Before we go on, meet Jaimee a cool Seagull enjoying his music and having his fun after being loaded as a gltf (see definition above) model from Babylonjs Mesh library to a web browser using Aframe a nifty framework for building virtual experiences on the web, to see and interact with Jaimee click this. HERE is the code fully available to you on Glitch the free online code editor for you to experiment with.

Cool Jaimee

Extended reality technology is on a sure path to becoming one of the most important tools to help navigate daily, personal and professional parts of our lives, which makes it no surprise the iPhone is an AR powerhouse in people’s pockets, its powerful processors and chips, spatial audio, LiDAR sensor that scans spaces and can create 3D maps are amongst the many capabilities carved into the device than the average user is aware of or ever uses, which makes many wonders why they keep pushing the power and capabilities of Apple devices. I am sure there are many reasons, both simple (a bid to stand out amongst others) and complex, but what they all result in is the availability of XR technology for as many people as possible. XR isn’t always about big headsets or smart glasses, XR experiences can be and are being delivered via mobile devices and web browsers. As a developer and strong advocate of XR, my biggest dilemma has been how to improve accessibility for XR, especially in the African continent. XR shouldn’t be just for those who can afford or have access to VR headsets, nor should it be just for those who work for companies rich enough to afford the Hololens, everyone should and must have access to the technology and be exposed to its impact, be it in learning, gaming or performing daily activities. This is why I find WebXR interesting and worth exploring. With powerful frameworks like Babylonjs, Aframe, THREE and many more, granting the average person/developer the ability to deliver XR experiences on web browsers, a substantial amount of people who may not have the funds to get headsets nor afford the latest iPhone, can access XR experiences via there web browsers. WebXR has shown itself to be an integral part of XR technology especially when it comes to adoption.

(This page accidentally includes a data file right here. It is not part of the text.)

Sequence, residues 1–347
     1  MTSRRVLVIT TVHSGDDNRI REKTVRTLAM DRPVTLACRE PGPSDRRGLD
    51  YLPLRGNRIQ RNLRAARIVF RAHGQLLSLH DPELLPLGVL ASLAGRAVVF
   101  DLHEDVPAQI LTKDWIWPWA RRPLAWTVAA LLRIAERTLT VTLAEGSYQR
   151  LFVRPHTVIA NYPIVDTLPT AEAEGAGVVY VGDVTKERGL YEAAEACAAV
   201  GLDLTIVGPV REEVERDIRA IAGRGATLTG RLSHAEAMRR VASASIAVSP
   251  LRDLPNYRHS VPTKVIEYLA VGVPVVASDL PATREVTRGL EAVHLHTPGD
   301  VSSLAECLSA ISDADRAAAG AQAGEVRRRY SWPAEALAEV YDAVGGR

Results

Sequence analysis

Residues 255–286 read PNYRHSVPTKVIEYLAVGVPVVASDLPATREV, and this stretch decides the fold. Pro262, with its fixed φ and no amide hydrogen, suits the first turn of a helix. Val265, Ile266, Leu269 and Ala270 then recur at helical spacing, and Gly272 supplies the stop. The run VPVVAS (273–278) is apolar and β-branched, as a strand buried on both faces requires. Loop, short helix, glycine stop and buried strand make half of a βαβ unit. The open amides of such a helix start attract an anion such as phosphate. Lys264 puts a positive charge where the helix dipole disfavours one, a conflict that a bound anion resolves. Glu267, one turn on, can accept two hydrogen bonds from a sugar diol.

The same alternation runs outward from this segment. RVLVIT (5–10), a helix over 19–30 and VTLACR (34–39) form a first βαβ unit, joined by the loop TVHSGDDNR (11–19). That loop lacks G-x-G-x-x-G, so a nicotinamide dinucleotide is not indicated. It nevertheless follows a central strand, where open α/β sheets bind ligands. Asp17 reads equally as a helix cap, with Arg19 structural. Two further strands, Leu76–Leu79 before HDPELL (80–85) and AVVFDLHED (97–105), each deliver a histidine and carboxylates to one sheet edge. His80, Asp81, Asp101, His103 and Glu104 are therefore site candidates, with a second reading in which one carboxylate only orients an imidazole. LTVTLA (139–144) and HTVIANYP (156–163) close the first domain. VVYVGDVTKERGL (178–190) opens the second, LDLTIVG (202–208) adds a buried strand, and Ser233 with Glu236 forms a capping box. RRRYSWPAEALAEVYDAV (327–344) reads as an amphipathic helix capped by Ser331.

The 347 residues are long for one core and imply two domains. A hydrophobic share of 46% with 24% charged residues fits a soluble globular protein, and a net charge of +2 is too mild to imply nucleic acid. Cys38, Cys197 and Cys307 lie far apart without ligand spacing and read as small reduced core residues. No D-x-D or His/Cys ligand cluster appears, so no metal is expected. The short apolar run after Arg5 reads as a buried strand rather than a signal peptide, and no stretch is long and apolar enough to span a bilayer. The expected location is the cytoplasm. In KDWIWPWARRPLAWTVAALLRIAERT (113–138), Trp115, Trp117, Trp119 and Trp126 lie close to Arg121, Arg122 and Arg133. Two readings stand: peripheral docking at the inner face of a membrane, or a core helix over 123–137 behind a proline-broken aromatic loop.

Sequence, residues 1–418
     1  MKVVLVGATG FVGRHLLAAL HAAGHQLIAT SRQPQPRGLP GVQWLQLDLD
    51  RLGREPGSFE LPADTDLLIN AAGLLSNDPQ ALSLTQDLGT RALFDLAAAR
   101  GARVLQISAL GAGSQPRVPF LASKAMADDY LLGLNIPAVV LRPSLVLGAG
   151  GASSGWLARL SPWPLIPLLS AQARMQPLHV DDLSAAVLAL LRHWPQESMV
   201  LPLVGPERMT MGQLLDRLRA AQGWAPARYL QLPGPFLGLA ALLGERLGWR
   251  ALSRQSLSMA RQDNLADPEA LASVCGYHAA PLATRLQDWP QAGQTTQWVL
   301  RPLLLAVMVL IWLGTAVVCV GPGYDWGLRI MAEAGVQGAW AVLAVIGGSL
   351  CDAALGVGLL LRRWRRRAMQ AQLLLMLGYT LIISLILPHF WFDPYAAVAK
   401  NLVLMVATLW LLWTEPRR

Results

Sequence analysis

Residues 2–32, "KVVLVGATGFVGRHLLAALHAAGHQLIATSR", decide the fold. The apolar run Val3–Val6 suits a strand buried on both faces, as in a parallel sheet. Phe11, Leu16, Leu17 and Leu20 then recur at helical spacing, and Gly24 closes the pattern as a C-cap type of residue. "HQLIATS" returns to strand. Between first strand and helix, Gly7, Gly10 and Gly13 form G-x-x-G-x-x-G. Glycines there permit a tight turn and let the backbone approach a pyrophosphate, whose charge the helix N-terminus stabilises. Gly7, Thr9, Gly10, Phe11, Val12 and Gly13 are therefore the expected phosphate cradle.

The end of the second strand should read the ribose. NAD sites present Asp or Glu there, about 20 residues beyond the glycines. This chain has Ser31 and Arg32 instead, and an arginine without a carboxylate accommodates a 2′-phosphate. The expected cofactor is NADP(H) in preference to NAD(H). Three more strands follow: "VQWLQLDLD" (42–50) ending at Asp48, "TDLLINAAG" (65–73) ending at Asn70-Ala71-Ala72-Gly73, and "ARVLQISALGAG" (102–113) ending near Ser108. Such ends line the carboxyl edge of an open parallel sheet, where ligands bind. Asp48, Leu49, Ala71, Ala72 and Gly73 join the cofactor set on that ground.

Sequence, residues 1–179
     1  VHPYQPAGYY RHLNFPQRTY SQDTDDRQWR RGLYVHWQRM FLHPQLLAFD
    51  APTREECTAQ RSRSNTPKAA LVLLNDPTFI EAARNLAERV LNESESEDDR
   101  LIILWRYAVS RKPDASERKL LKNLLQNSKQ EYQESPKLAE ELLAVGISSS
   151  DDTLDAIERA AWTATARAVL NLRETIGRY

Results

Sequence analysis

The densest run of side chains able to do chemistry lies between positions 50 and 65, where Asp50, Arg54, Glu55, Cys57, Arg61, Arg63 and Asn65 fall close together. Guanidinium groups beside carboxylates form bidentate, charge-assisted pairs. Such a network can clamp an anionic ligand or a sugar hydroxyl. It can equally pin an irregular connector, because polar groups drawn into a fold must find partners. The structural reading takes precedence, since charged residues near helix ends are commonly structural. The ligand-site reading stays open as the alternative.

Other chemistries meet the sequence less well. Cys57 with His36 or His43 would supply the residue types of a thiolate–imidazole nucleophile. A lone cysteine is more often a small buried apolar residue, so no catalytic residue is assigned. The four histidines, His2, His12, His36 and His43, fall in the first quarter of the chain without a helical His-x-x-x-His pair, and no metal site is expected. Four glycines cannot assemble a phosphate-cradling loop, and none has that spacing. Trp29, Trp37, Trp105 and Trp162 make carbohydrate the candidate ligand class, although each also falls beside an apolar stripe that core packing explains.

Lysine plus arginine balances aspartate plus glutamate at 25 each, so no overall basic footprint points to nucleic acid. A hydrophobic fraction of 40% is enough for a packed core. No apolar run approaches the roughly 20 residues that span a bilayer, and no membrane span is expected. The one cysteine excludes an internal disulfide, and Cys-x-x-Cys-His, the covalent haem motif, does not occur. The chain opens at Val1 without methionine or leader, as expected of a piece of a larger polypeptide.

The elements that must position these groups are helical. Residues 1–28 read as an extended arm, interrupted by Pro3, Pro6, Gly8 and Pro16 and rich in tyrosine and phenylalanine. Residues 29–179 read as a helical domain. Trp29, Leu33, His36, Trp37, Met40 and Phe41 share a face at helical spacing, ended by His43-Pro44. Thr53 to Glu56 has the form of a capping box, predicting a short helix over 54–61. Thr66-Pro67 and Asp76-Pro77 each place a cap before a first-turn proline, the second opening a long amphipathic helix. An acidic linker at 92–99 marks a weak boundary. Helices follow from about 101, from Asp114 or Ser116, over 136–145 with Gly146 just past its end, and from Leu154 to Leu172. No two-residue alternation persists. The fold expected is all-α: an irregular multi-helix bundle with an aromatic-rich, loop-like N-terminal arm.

Harnessing the power of your web browsers